As shown with the gridiron pendulum, a design principle is to use materials with different coefficients of thermal expansion to compensate the thermal expansion to (almost) zero. Another commonly applied design principle is the so-called ‘thermal centre’. When a system is constrained in a statically determined manner, it is possible to define a centre: a point which does not displace under homogeneous thermal expansion. This is illustrated in figure 4, where a body is connected to a base frame with three contact points. A spring applies a force to ensure that the body is in contact with the three contact points. When the body or the base frame expands homogeneously, the thermal centre remains at the same location [Koster, 2008].
Figure 4: Principle of the thermal centre
More practical ways to realise a thermal centre are shown in figure 5 and 6. In figure 5, a kinematic coupling is shown with three balls in three V-grooves. This principle is also called a ‘Kelvin-clamp’, named after its inventor Lord Kelvin (1824-1907). In this case the top and bottom plate have their thermal centre on the centreline.
Figure 5: Lord Kelvin’s clamp
An object can be constrained using three leaf springs, as shown in Figure 6. If a temperature difference occurs between the object and its frame, the centre of expansion is at Tc. Because of the flexures, the temperature difference and/or the coefficient of thermal expansion can be large without serious effects [Giesen, 2003].
Figure 6: Thermal centre created with 3 leaf springs
An application of the above mentioned principles is shown in figure 7, where a thermal centre with leaf springs is shown. Besides the thermal centre, the leaf springs are designed such, that a vertical (steady-state) temperature gradient does not lead to a change in the position of the tip. This principle is deducted from the gridiron pendulum, but is realised within the leaf springs. The leaf springs have two sections: the first section goes down (from the base plate) and the second section goes up. The leaf spring geometry is designed such that a vertical temperature gradient is compensated and the tip is stable within 1 µm.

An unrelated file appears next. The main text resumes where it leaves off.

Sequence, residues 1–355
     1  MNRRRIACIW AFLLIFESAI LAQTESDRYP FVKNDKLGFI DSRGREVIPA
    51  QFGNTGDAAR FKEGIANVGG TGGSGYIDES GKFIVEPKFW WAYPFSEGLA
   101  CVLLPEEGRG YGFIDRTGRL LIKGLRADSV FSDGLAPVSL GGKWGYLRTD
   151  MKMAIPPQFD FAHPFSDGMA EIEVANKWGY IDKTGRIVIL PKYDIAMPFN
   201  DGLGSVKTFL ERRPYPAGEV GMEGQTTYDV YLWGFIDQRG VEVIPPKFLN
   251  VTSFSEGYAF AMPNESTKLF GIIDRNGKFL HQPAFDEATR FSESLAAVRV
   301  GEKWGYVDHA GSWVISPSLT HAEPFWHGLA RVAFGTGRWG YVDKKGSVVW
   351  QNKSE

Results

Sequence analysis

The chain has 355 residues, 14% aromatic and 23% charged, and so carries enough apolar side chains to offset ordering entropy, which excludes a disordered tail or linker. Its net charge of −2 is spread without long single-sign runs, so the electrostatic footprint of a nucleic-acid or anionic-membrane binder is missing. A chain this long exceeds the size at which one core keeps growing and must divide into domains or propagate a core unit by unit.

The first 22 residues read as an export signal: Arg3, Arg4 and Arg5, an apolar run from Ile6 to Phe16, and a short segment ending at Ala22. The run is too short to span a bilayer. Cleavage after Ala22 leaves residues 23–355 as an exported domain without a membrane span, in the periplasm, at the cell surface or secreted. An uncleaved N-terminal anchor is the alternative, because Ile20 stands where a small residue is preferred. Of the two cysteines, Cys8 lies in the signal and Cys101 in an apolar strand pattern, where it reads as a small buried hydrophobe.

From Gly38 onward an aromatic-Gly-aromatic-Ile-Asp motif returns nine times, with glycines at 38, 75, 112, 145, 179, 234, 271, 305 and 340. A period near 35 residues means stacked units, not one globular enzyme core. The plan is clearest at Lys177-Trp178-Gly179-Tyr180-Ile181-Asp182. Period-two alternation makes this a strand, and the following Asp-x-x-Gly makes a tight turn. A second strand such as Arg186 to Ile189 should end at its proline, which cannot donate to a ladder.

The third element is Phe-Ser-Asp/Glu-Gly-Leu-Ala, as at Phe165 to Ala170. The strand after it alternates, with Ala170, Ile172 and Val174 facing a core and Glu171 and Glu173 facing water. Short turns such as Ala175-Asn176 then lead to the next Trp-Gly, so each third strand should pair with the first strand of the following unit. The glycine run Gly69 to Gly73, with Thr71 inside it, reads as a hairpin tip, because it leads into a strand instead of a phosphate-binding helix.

Figure 7: Application of the thermal centre
Other design principles, such as the ‘thermal neutral rod’ and the ‘beds of nails’, are discussed in [Koster, 2008]. This list is not complete, and it would be appreciated if engineers would share other principles on this website.
If the selection of the right material, the application of the proper geometry and the use of design principles don’t lead to the desired system performance, it is possible to thermally condition the construction. This can be done passively or actively.